In The Beauty Light: Hyper-Pigmentation

Have questions about Hyperpigmentation and want to understand it better? Well, we’ve got you covered! This skin condition is under our beauty microscope this week, so scroll down to read what exactly hyperpigmentation is, the different types and the possible treatments for it:

What Is Hyperpigmentation?

Hyperpigmentation is a common and usually harmless condition in which patches of skin become darker than the normal surrounding skin. It is caused by an increase in melanin which is the natural pigment that gives our skin, hair and eyes their color. Many factors can trigger an increase in melanin production but the most common ones include sun exposure, hormones, age and inflammation. This condition affects people of all skin colors.

Types And Symptoms

Darkened patches can vary in size and develop anywhere on the body. There are several types of hyperpigmentation. However, these are some of the more commonly known types:

  • Melasma: Also known as Chloasma, this is a condition where large patches of hyperpigmentation develop mainly on the face. It most commonly affects women and is believed to be triggered by changes in hormone levels. It occurs in 10-15 percent of pregnant women and 10-25 percent of those taking oral contraceptives.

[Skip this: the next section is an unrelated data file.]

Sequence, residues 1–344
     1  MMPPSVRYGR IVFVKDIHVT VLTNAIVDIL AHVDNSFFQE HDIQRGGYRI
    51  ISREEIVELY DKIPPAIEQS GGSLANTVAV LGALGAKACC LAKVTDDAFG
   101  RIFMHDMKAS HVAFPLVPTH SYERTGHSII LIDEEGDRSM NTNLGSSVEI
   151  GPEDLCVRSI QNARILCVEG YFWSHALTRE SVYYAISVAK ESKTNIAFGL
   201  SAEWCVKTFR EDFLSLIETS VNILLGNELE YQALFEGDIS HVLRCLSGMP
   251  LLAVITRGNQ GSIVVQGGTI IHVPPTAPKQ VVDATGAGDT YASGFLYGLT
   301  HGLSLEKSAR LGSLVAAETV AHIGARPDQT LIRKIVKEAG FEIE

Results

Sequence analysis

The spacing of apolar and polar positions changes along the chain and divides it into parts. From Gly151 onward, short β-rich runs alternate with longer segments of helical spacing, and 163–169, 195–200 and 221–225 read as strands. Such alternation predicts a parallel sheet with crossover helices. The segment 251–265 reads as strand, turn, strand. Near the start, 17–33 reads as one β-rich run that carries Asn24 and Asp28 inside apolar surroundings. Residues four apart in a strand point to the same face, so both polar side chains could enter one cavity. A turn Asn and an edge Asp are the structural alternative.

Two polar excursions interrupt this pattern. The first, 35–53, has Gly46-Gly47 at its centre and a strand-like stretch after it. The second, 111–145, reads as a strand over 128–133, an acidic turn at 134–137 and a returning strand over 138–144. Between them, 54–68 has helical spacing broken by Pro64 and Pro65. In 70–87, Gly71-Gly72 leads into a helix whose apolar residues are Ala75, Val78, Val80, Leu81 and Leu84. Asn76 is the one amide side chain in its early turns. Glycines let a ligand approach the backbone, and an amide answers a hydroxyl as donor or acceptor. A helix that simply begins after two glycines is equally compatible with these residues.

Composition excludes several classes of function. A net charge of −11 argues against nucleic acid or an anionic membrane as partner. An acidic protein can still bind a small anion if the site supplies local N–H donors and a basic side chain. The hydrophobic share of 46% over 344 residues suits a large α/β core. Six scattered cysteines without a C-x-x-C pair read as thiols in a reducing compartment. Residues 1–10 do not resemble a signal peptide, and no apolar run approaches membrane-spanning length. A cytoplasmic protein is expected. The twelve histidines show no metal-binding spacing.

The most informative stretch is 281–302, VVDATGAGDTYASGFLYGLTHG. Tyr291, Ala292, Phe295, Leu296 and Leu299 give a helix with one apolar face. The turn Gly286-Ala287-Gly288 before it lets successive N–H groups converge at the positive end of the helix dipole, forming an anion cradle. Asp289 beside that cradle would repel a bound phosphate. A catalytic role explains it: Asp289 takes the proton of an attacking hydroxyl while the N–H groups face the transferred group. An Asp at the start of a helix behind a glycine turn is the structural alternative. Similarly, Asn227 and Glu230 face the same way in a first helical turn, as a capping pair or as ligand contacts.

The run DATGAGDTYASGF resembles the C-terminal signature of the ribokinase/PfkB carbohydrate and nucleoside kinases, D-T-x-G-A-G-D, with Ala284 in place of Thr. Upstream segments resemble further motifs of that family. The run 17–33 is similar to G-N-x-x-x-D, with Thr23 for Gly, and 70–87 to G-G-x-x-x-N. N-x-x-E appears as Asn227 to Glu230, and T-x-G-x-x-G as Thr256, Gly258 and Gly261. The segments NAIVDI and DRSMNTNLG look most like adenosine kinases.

• Sunspots: Sunspots are caused by sun exposure. Excess sun exposure over time leads to them and  theygenerally appear on the face, neck and hands.
  • Post-inflammatory hyperpigmentation: This condition occurs when a skin injury or trauma heals and leaves a flat area of discoloration behind. This is commonly caused by acne. Popping pimples or other interference that may cause inflammation increases the risk of that pimple leaving a mark.


Individuals with dark skin are more likely to be affected by hyperpigmentation marks than those with lighter skin tone because the skin pigmentation is stronger in dark skin. Melanin is what gives our skin its color. Those with more melanin in their skin are more prone to a triggered increase in melanin production. That being said, the biggest risk factors for hyperpigmentation are sun exposure and inflammation.

Diagnosis And Treatment

If you are concerned about any of your dark spots, it is always best to consult your dermatologist or pharmacist.  The most important step to prevent hyperpigmentation is sunscreen. A broad-spectrum coverage sunscreen that is at least SPF 30 to 50 is ideal. SPF must be reapplied every two hours if you are out in the sun. It is not always possible to avoid hyperpigmentation as it is a natural part of our skin’s response, however you can take these steps to minimize damage:

  • Using sunscreen with an SPF of at least 30
  • Wearing hats or clothing that block sunlight 
  • Avoiding the sun between 10 a.m. to 4 p.m., when the sun’s UV rays are the strongest

Many people use topical treatments to treat hyperpigmentation. The following treatments include the following ingredients:

  • Azelaic Acid
  • Corticosteroids
  • Hydroquinone
  • Kojic Acid
  • Retinoid
  • Vitamin C

Certain cosmetic procedures can also lighten areas of the skin to reduce the appearance of hyperpigmentation including: 

  • Laser therapy
  • Intense pulsed light
  • Chemical peels
  • Microdermabrasion

It is important to note that these procedures should only be done by a dermatologist.

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